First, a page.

President Tshisekedi made a mistake in believing that goodwill alone was enough to turn things around. In the absence of a capable state whatever his government does cannot be sustainable. The central government exists only in name, state institutions have not been reformed in such a manner that they are able to perform their responsibilities, and the political elite is as corrupt as ever.
While the collapse of the Congolese state has its roots in the colonial regime, reinforced by subsequent regimes, Thsisekedi’s regime has shown its inability and unwillingness to engage in a sustained process of state-building, even under the conditions of popular support which followed the peaceful handover of power.
Threats to change
Like Joseph Conrad in his book The Heart of Darkness, I feel considerable doubt about the future of the DRC under President Tshisekedi. There are two key reasons for this doubt. Firstly, the predisposition of Congolese leadership at all levels of society to act outside the rules (the law) or to revert to undemocratic acts (corruption, reimbursement of funds, nepotism, disregard for the rule of law) remains the biggest threat to change and state reconstruction.
Secondly, the Congolese leadership’s inability to conceptualise a progressive developmental agenda capable of responding effectively to the country’s socio-economic and political challenges. These two weaknesses undermine state reconstruction. They have been present since independence and are being reinforced under President Tshisekedi.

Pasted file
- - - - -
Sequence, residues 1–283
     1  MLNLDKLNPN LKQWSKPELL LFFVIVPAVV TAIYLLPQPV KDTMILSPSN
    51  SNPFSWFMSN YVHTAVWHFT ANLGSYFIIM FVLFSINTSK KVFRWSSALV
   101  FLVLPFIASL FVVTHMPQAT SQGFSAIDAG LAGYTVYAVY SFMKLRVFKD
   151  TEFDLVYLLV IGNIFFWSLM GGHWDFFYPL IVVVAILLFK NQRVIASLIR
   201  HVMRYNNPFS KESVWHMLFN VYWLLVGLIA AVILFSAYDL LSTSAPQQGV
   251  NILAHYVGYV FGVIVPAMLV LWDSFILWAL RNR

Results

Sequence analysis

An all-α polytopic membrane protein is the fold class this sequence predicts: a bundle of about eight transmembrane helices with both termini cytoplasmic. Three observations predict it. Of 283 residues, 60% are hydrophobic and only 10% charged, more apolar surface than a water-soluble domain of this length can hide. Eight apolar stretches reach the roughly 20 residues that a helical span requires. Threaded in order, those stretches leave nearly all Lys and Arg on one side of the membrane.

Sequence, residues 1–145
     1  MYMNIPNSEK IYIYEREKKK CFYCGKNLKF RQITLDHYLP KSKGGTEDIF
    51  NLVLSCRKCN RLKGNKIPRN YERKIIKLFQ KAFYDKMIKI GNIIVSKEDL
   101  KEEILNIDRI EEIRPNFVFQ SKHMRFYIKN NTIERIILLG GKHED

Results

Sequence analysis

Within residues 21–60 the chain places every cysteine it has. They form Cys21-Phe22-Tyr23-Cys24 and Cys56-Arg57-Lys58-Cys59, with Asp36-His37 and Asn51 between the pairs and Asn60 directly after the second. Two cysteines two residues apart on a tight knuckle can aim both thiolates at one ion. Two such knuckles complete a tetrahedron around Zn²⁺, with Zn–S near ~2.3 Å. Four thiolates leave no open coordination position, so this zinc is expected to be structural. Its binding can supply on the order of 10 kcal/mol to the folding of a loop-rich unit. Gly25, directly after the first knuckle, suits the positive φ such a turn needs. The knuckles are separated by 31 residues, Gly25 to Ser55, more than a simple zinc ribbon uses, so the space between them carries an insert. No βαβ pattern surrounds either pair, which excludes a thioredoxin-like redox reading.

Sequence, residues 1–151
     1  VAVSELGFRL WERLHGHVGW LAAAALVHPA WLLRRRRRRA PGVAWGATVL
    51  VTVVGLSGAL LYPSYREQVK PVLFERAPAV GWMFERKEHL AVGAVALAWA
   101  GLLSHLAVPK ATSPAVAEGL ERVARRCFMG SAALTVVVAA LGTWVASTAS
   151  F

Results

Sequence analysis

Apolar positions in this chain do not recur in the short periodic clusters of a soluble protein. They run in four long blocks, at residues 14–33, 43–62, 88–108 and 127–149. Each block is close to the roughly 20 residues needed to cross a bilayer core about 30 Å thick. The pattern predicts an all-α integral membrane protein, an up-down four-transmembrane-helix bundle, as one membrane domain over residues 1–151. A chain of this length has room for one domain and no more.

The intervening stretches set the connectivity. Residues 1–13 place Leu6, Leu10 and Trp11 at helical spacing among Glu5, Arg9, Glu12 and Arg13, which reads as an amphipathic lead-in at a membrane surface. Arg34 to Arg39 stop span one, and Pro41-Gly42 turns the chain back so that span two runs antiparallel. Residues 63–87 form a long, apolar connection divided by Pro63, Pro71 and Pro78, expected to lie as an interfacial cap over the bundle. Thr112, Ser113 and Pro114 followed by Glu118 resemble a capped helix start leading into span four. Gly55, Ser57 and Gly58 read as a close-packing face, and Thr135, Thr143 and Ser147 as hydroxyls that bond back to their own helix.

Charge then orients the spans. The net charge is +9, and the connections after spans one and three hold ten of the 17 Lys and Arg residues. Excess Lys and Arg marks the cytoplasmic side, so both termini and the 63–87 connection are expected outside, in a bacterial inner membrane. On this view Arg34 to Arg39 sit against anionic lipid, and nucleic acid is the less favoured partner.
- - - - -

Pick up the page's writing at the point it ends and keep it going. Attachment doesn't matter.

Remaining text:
After three years in power, President Tshisekedi has still not figured out what he should do to fix the state. It will be even more difficult now as we approach 2023, as his actions are directed towards securing re-election for a second term. There is nothing he can do to change the material conditions of people in the few months remaining before the 2023 elections. If the president wants to salvage his tenure in the remaining months before the elections, he will need to take exceedingly difficult and unpopular decisions.
He will need to change from being a politician to being a leader. All is not lost for President Tshisekedi. He can still revive his chances for the 2023 elections, but he needs to do certain basic things. He must change his management style and refocus his priority on transforming the state machinery, which should include the reform of the civil service, the security apparatus (army, police, and the intelligence), and public policy-making. These actions could help the President to draw the Congolese people to him in what will certainly be a heavily contested election.